Bursitis is inflammation or irritation of a bursa, a small sac located between a bone and muscle, skin, or tendon. The bursa allows smooth gliding between these structures. Below are some of the
specific types of bursitis. Subacromial bursitis The subacromial bursa lies just above the rotator cuff. Bursitis often develops due to injury, impingement (pinching), overuse of the shoulder, or
calcium deposits. Symptoms include pain in the upper shoulder or upper third of the arm, and severe pain upon moving the shoulder.
For the most part, it is a genetic condition. You develop it by inheriting a foot type that is prone to the mechanical irritation that leads to the problem. If you have this particular foot type and
wear shoes that rub and irritate the back of the heel bone (calcaneus) where the Achilles tendon attaches, then you are even more likely to develop this type of bursitis. The contributing factors
include a supinated foot type, a heel bone with a prominence (or pointed shape that stick out toward the tendon) at the back, a tight Achilles tendon (referred to as Equinus by doctors), and a high
arch. All of these factors simply make it more likely that the back of the heel will press against the shoe and rub. As the tendon gets rubbed the wrong way, the bursa starts to develop and fill with
fluid. This response is really your body's way of protecting the tendon from damage, but it backfires. The friction from all that rubbing causes the bursa to become inflamed and swell. This causes
the bump to become red, hot and stick out even further. Much like a sore thumb, it then gets irritated by even the softest shoes.
Bursitis involving the heel causes pain in the middle of the undersurface of the heel that worsens with prolonged standing and pain at the back of the heel that worsens if you bend your foot up or
Gram stain. A lab test called a Gram stain is used to determine if certain troublesome bacteria are present. Not all bacteria can be identified with a Gram stain, however, so even if the test comes
back negative, septic bursitis cannot be completely ruled out. White blood cell count. An elevated number of white blood cells in the bursa's synovial fluid indicates an infection. Glucose levels
test. Glucose levels that are significantly lower than normal may indicate infection.
Non Surgical Treatment
Most bursitis cases can be treated by the patient without having to see a doctor. A trip to a pharmacy, a conversation with the pharmacist, and some self-care techniques are usually enough. The NHS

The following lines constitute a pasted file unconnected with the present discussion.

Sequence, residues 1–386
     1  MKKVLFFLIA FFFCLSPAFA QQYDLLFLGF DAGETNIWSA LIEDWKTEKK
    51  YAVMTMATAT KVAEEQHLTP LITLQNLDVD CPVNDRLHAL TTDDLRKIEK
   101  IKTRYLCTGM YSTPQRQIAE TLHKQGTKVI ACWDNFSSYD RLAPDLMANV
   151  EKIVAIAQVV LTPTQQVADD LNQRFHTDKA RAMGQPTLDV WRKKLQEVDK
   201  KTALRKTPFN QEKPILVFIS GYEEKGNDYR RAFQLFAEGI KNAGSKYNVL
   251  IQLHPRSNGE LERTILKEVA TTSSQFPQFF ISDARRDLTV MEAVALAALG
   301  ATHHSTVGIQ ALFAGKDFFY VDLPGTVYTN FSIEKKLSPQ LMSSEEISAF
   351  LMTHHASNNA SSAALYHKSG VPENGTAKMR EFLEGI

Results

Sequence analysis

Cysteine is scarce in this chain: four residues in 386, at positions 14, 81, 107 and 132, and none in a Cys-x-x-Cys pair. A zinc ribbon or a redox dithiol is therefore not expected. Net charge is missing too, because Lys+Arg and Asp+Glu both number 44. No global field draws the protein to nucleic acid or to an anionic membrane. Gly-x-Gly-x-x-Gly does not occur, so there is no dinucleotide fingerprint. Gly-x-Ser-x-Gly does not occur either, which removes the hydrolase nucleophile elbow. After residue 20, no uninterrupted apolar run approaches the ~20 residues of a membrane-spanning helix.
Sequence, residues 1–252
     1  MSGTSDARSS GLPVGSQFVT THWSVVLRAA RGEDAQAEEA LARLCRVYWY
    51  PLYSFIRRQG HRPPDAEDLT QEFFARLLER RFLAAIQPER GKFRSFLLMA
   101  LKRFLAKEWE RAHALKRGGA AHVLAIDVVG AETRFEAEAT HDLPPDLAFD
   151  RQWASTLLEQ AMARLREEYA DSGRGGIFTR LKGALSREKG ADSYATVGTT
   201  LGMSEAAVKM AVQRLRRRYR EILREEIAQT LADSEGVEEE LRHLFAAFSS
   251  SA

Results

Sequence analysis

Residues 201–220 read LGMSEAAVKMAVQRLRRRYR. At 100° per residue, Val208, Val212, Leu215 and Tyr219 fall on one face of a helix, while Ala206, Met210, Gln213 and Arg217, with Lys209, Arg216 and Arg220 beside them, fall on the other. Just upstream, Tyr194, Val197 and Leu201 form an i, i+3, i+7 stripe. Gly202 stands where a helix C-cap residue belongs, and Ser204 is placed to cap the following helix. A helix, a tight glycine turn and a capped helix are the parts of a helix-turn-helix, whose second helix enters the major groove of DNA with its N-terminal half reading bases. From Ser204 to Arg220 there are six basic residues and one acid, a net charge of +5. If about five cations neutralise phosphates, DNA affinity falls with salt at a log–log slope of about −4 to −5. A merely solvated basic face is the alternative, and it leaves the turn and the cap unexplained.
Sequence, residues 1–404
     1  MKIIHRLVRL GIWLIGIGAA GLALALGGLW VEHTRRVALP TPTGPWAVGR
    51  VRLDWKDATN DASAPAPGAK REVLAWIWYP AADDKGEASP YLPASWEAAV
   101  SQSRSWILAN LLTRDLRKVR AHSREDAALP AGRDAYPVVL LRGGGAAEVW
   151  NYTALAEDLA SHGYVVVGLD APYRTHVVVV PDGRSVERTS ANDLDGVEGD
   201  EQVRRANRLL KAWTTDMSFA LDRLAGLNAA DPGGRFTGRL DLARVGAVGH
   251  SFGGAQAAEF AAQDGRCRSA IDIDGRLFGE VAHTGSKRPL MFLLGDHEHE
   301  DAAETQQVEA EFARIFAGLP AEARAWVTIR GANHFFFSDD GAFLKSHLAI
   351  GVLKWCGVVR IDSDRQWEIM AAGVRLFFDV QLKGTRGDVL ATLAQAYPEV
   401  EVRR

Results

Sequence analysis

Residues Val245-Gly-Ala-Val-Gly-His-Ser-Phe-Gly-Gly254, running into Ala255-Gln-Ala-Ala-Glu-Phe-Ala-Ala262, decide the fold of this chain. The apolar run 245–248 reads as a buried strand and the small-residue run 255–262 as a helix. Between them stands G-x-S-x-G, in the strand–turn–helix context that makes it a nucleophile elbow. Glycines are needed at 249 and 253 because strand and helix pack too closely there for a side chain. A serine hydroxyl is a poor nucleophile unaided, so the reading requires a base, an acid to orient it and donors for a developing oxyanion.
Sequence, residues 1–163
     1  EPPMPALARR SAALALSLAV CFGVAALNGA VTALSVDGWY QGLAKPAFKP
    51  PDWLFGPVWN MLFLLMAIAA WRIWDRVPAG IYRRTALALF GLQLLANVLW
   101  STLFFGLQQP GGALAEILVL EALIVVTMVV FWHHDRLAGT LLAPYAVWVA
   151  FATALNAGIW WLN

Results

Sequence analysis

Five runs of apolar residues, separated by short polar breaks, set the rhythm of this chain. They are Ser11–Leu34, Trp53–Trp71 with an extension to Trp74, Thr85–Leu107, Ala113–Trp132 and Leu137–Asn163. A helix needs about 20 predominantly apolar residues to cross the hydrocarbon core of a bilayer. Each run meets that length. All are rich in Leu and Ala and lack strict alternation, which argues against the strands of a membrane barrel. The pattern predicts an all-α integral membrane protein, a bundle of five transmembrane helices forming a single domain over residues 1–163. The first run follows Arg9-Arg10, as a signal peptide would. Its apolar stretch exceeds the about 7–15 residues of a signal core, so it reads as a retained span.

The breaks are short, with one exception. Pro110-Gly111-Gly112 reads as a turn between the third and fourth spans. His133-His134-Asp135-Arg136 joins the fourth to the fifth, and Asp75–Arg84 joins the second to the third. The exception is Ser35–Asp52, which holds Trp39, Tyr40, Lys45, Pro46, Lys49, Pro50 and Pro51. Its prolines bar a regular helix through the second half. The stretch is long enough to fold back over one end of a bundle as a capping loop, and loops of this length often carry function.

(National Health Service, UK) recommends PRICEM, a self-care management approach. PRICEM stands for Protection. Rest. Ice. Compression. Elevation. Medication. Protect the affected area, Some people
place padding to protect the affected bursae from any blow. Rest. Do not exercise or use the joints in the affected area unless you really have to. Let it rest. Bursitis is a condition that responds
well to rest. Ice packs. Ice packs can help reduce pain and inflammation. Make sure you do not place the ice directly on the skin, use a pack or towel. A small pack of frozen vegetables are ideal.
Raise the affected area. If you can, lift the affected area, raise it, less blood will gather there. This may help reduce the inflammation. Painkillers. Ibuprofen is an effective painkiller for
treating pain, it also reduces inflammation. Steroids. For more severe symptoms the doctor may inject steroids into the affected area. Steroids block a body chemical called prostaglandin.
Prostaglandin causes inflammation. Steroids may raise the patient's blood pressure if used for too long, as well as increasing his/her risk of getting an infection. UK doctors are advised not to give
more than three steroid injections in one year. Antibiotics. If the fluid test confirms that there is a bacterial infection, the doctor will probably prescribe antibiotics. These will be administered
orally (via mouth).
Surgery is rarely done strictly for treatment of a bursitis. If any underlying cause is the reason, this may be addressed surgically. During surgery for other conditions, a bursa may be seen and
Continue to wear your orthotics for work and exercise to provide stability and restore foot function. Select suitable shoes for work and physical activity that provide stability for the heel. Regular
stretching of the calf muscle can prevent heel bursitis. Do not suddenly increase activity amount without appropriate conditioning.